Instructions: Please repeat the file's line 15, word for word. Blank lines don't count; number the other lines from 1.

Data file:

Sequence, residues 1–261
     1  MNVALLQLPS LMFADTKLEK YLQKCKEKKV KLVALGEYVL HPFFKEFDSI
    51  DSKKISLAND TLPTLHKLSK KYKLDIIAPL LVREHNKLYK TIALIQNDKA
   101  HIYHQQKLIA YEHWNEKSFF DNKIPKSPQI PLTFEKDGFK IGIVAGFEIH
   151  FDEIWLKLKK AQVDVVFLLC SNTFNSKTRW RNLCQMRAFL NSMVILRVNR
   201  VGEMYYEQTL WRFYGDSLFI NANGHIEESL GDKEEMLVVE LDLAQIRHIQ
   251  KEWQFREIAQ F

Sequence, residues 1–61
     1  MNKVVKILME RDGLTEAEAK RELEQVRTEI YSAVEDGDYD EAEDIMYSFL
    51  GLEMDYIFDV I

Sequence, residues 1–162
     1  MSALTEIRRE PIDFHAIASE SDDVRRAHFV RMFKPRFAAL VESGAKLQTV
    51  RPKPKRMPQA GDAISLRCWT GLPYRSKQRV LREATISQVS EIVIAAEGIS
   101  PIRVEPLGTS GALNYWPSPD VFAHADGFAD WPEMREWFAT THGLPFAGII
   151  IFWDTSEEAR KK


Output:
   151  IFWDTSEEAR KK